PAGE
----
Meet Magoozine, the unofficial paparazzi of London’s queer nightlife scene

Brummy expat Shaun Evans tells HUNGER all about Magoozine and capturing the capital’s queer scene on their nights out

There is no denying that London is a fun and exciting playground for the queer community, just go up Kingsland High Street on a Friday night to see London’s next generation of queers stumble in and out of Dalston Superstore, myself included. With a catalog of queer nightlife to pick from, it is clear to see why London is called home to queer folk from every corner of the planet.

Brummy turned Londoner, Shaun Evans, the founder of self-proclaimed ‘nightclub paparazzi’ Magoozine, has captured the likes of drag royalty, Bimini Bon Boulash and Tayce, as well as the many faces that fuel the excitement of London’s queer nightlife scene. The rising photographer allows us a brief but lasting insight, through the lens of his 35mm film camera, into the hedonistic, thrill seeking and often popper-fuelled world.

Here, HUNGER catches up with Evans on the tail-end of a busy London Fashion Week to discuss all things Magoozine.

HUNGER: First of all, being queer and enjoying nightlife, what inspired you to start capturing what you saw?

MAGOOZINE: Once we were released back into the wild after lockdown, I fully immersed myself into all things club culture. I started meeting the most beautiful and inspiring people in the sweaty walls of Birmingham clubs and I just had to document it. Through meeting each of these individuals, consciously and subconsciously I was learning my own identity as a queer person. Having photographs was a way of documenting that journey visually.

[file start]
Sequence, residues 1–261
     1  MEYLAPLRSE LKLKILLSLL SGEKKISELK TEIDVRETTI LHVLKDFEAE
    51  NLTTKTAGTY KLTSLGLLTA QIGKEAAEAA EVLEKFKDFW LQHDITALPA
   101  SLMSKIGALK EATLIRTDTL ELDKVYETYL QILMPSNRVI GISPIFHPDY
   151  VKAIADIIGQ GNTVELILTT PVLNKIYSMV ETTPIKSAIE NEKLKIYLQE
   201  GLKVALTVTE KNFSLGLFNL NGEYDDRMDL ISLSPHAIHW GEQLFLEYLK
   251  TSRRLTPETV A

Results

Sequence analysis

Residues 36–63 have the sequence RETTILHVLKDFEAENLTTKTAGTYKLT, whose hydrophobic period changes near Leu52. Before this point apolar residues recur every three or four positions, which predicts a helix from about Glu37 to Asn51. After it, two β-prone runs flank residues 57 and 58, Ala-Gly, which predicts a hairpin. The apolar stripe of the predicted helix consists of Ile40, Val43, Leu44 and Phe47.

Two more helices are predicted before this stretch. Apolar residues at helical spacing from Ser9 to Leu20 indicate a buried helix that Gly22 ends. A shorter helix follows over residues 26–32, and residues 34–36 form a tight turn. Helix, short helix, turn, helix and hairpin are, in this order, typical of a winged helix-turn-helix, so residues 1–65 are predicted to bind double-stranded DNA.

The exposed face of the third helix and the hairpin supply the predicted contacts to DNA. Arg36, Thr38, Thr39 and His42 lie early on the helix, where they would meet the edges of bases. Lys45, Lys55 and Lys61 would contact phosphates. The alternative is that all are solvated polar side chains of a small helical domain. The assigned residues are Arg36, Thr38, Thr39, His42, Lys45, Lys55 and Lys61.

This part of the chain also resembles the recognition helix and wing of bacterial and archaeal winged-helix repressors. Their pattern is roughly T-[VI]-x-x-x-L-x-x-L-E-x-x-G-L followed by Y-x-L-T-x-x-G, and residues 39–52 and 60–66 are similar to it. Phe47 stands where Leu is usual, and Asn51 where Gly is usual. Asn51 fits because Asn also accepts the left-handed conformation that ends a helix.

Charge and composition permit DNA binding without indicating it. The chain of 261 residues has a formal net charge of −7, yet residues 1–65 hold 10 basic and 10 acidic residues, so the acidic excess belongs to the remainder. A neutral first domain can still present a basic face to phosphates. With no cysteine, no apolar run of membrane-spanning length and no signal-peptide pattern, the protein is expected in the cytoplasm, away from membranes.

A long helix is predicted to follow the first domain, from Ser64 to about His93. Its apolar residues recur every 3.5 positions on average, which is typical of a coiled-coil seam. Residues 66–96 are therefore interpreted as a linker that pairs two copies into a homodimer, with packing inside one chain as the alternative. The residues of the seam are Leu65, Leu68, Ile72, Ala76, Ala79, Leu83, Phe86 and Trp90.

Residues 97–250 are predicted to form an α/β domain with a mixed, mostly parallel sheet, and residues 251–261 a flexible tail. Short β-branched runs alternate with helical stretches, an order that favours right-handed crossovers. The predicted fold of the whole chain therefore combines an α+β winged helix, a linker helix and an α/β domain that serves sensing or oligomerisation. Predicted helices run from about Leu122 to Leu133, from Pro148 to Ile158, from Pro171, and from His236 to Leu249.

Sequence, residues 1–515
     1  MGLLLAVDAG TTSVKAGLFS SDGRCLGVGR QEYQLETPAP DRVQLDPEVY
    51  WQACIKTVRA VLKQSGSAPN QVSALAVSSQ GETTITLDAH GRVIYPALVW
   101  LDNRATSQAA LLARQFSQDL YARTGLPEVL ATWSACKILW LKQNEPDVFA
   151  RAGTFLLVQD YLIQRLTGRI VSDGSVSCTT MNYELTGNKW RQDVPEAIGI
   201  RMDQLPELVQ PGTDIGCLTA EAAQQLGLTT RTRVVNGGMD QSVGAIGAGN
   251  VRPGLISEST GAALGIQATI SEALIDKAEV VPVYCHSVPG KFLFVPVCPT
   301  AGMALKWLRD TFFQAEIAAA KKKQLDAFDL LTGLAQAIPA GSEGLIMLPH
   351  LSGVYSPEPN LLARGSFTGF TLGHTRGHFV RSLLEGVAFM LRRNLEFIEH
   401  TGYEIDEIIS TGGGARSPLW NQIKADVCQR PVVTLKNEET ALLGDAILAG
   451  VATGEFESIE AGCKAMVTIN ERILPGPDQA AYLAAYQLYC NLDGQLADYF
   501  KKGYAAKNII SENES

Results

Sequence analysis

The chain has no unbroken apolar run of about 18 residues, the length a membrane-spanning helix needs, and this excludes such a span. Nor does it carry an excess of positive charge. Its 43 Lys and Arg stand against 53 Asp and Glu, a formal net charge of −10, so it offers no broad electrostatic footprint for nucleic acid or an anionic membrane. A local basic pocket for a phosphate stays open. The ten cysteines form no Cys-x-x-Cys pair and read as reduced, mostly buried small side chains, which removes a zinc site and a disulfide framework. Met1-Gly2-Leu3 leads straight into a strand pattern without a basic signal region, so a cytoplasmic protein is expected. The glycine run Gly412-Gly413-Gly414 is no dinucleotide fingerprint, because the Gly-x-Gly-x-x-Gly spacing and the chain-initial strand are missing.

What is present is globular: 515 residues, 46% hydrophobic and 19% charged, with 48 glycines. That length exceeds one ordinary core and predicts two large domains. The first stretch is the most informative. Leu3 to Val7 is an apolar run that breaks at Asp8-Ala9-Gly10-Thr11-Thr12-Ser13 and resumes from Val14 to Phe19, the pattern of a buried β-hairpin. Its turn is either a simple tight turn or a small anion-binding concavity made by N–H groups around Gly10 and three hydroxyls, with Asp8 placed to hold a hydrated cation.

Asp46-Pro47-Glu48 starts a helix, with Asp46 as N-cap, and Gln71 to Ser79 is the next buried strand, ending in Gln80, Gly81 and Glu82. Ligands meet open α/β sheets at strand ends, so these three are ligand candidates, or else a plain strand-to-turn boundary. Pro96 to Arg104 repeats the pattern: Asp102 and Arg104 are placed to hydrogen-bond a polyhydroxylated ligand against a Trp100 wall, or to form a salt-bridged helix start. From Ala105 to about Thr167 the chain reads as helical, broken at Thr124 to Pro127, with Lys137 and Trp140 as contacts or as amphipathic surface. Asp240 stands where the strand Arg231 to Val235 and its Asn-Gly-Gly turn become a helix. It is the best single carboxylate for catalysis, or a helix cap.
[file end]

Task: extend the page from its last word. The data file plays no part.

H: That’s amazing! So did you always want to be a photographer, or was there something else that called to you?

M: I really just fell into it and followed my gut! I found a way to connect with like minded individuals and express myself creatively and ran with it. 

H: So how would you describe your work?

M: Magoo reminds you of your new bestie that you met in the loo, the person you’ve just lipsed on the dancefloor and the stranger at the afters who you just received life altering advice from. My work captures the beautiful fleeting moment of a club encounter. 

H: Obviously to approach people for photos in the club you must be quite charismatic, would you say this something that carries through into your everyday life?

M: I’d like to think so! I just love people and I’m a right nosey bastard so striking up a conversation with new people is a wet dream for me. I also really love to make people feel good and connect on a deeper level, Magoozine is the perfect way for me to exercise this.

H: For sure and how do you actively go about making the people you capture comfortable?

M: It kind of comes naturally as I am genuinely interested and excited about everyone I photograph and I feel each person can tell it’s not just transactional. I think having a conversation before taking the photo really puts the subject at ease and that connection is then translated through the image.